After Yanci began showing signs of life, the family was brought in to meet and hold her. "I remember looking at the time. Then I looked over at Victor, and I started panicking because it was an hour and two minutes and I was like 'what are we supposed to do?' He replied: 'What do you mean?' 'She's only supposed to live an hour! And it's an hour and two minutes.' He answered: 'Just let it go. Just let it go.'" Throughout the afternoon, family members kept commenting on the time and how long had past since the predicted "one hour" had expired. Eventually, doctors began to plan for sending Yanci home, where they predicted she would pass away in a day or so.

Three days later, Karli and Yanci were on a flight to Salt Lake City where Yanci would undergo the first of several surgeries to deal with hydrocephalus. Karli recalled the words of one doctor who spoke frankly with her on their second visit to Salt Lake: "She said: 'You have to understand something. With what your daughter has got going on, she will never see you. She will never hear you. She will never talk. She will never walk. She will never formulate a single thought of her own. What you look at right here is what you have for the rest of your daughter's life. You have to come to grips with this." Karli remembers her reply clearly: "I said 'I appreciate your medical opinion because you know what books have told you. But I feel like my daughter can hear me. I feel like she can see me. I know we serve a big God. I think God has bigger plans than that, and I'm looking forward to her having a full life." The doctor replied: I warned you." The same doctor was reduced to tears three years later when she was introduced to a walking, talking, hearing, and sassy Yanci Philips.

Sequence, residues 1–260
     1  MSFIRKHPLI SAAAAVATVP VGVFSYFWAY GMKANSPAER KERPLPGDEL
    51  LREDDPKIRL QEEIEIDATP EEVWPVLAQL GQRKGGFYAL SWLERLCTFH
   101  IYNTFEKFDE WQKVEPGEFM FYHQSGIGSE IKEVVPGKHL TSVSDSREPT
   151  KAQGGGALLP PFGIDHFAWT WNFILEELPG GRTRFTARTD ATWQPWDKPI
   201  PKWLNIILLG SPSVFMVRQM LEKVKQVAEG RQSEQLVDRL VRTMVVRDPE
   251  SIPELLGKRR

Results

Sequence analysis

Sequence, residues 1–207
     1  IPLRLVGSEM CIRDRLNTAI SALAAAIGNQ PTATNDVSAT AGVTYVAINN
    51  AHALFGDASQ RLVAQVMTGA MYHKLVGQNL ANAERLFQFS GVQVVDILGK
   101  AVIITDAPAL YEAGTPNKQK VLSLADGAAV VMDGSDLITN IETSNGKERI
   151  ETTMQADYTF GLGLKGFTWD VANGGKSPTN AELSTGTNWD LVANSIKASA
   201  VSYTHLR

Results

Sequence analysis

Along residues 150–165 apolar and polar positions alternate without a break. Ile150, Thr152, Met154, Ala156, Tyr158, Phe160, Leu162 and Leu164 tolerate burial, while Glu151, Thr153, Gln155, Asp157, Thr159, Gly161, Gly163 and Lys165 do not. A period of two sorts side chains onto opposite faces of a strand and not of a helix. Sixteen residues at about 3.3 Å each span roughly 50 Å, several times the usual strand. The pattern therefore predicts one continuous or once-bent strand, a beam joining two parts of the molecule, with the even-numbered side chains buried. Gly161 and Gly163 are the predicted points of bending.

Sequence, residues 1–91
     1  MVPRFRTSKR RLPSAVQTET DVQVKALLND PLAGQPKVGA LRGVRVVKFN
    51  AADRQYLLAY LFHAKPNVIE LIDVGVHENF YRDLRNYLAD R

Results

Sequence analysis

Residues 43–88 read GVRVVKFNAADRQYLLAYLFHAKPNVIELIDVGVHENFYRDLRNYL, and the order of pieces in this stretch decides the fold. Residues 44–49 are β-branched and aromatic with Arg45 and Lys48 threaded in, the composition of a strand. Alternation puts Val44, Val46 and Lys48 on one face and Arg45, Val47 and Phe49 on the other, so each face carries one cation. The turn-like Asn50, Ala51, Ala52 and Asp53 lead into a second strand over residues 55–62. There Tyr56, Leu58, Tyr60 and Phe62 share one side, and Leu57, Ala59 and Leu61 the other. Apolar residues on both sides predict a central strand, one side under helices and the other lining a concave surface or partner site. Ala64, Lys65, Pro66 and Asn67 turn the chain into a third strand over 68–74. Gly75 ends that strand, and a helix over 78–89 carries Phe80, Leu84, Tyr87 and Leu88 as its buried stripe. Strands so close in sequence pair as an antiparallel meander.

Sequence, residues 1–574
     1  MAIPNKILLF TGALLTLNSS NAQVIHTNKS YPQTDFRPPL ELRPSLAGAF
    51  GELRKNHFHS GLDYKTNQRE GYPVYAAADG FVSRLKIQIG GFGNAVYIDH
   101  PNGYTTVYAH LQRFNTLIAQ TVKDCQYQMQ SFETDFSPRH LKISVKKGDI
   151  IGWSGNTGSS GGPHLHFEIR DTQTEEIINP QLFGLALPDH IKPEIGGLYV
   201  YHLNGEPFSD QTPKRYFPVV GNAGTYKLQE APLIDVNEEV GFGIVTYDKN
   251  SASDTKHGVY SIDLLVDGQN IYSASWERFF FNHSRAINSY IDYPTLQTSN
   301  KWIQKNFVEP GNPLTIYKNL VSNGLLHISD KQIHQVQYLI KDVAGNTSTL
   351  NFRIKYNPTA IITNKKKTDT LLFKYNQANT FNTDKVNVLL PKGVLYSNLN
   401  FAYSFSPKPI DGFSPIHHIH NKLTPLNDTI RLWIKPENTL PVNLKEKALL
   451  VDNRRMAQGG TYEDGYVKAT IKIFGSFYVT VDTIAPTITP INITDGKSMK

Five years, seven major surgeries, several minor ones, and countless hospital stays later, Yanci named the doll she got for her birthday "Baby Evelyn" after her niece. She didn't get the horse she asked for, but she enjoyed cake on her big day. She has also spent her days playing with the little karaoke machine she got as a gift. Her favorite karaoke song is the very fitting, "Amazing Grace."

As a town, we have been blessed to witness the miracle that is the life of Yanci Philips. She was born dead, then came back and beat every prediction regarding her lifespan and limitations. "She is a fantastic little girl who has compassion for others. She is witty and funny. She's an amazing little punkin."

The Phillips family expressed a great deal of gratitude for all the prayers, love, support, and help they have received in the last 5 years. "We've been blessed by friends, family, church family, and the whole town."

 
 

Powered by ROAR Online Publication Software from Lions Light Corporation
© Copyright 2020